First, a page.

Extraordinary claims of the bible don't even have ordinary evidence.

Kids aren't paying attention most of the time in science classes so it seems silly to get worked up over ID being taught in schools.

Offline epidemic

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Re: Guess what that word/phrase means in English
« Reply #152 on: September 17, 2013, 02:09:48 PM »
It is often said that Americans lack the ability to speak foreign languages.  This is in large part because there is simply little to be gained from the effort to learn different language.  Especially through the 19th and 20th centuries.  As an American I could travel much of the world and do business virtually anywhere with out the need to speak another languange.  We have a huge geographic area where there simply is no benefit to speaking a 2nd or 3rd language.  Were I to live in Europe, in the 20th century I would need to speak english and for ease of travel 500 miles in any direction I probably would do well to speak another language.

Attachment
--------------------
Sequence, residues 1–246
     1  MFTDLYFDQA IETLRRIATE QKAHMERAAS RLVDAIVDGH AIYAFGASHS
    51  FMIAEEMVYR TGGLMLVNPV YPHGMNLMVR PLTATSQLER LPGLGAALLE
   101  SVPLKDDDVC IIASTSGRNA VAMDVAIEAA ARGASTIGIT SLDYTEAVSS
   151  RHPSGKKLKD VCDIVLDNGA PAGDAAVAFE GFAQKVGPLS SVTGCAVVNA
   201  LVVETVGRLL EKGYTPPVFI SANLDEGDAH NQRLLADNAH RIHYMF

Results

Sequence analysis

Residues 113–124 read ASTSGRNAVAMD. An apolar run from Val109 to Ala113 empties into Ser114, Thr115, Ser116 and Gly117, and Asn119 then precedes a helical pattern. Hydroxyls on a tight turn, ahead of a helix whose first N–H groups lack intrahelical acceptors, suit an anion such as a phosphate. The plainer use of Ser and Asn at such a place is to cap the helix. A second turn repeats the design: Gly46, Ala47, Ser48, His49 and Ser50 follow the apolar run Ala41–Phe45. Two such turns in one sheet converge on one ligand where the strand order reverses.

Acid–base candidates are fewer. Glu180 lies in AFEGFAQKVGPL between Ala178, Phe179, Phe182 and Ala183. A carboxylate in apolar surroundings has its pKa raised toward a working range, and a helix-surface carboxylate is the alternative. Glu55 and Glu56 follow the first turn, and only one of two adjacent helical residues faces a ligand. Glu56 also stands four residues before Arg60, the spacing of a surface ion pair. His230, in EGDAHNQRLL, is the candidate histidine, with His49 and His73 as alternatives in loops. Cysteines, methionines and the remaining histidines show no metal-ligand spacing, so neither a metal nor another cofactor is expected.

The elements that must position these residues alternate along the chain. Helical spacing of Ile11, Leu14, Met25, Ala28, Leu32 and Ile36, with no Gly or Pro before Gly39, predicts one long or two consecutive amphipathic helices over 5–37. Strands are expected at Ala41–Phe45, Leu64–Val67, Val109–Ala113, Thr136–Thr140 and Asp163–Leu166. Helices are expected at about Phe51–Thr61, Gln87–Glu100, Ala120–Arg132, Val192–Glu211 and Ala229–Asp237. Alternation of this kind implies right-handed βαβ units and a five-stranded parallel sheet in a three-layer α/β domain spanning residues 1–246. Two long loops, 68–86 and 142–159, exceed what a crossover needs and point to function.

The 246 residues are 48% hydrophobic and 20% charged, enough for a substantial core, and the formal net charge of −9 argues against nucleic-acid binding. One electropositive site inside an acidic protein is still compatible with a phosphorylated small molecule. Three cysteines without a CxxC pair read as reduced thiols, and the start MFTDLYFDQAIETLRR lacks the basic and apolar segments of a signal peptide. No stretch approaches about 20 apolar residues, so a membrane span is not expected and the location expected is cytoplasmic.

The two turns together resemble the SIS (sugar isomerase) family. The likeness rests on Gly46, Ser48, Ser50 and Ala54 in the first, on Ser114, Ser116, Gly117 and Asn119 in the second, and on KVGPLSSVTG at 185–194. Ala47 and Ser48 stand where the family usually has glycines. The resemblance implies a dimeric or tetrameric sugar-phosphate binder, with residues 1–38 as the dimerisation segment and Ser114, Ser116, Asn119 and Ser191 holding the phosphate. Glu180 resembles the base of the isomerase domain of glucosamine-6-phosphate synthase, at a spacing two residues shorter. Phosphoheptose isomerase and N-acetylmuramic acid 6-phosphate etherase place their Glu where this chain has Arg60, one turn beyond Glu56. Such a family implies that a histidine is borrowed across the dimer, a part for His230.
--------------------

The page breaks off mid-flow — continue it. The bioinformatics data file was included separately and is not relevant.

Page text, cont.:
I don't fault anyone for speaking multiple languages but During the years I was in school it would have been wasted effort to learn another language.

To be polite during my trip to Germany I did spend a week learning polite german and "Wo ist die Toilette" type of stuff.  If I were to live in Germany there is no way that I would ever try with out learing German.  I find it offensive that people live out their lives in America with out the courtesy of learning the primary language.  My great grandfather saw to it that his children and family spoke the language of their addopted land.  Besides being polite it is also critical to success.

Rant off :)

With America fast becoming just another player in the world I am having my children learn foreign languages.  It is the wise thing to do,  just as it is the wise thing for kids in Europe to learn languages for success.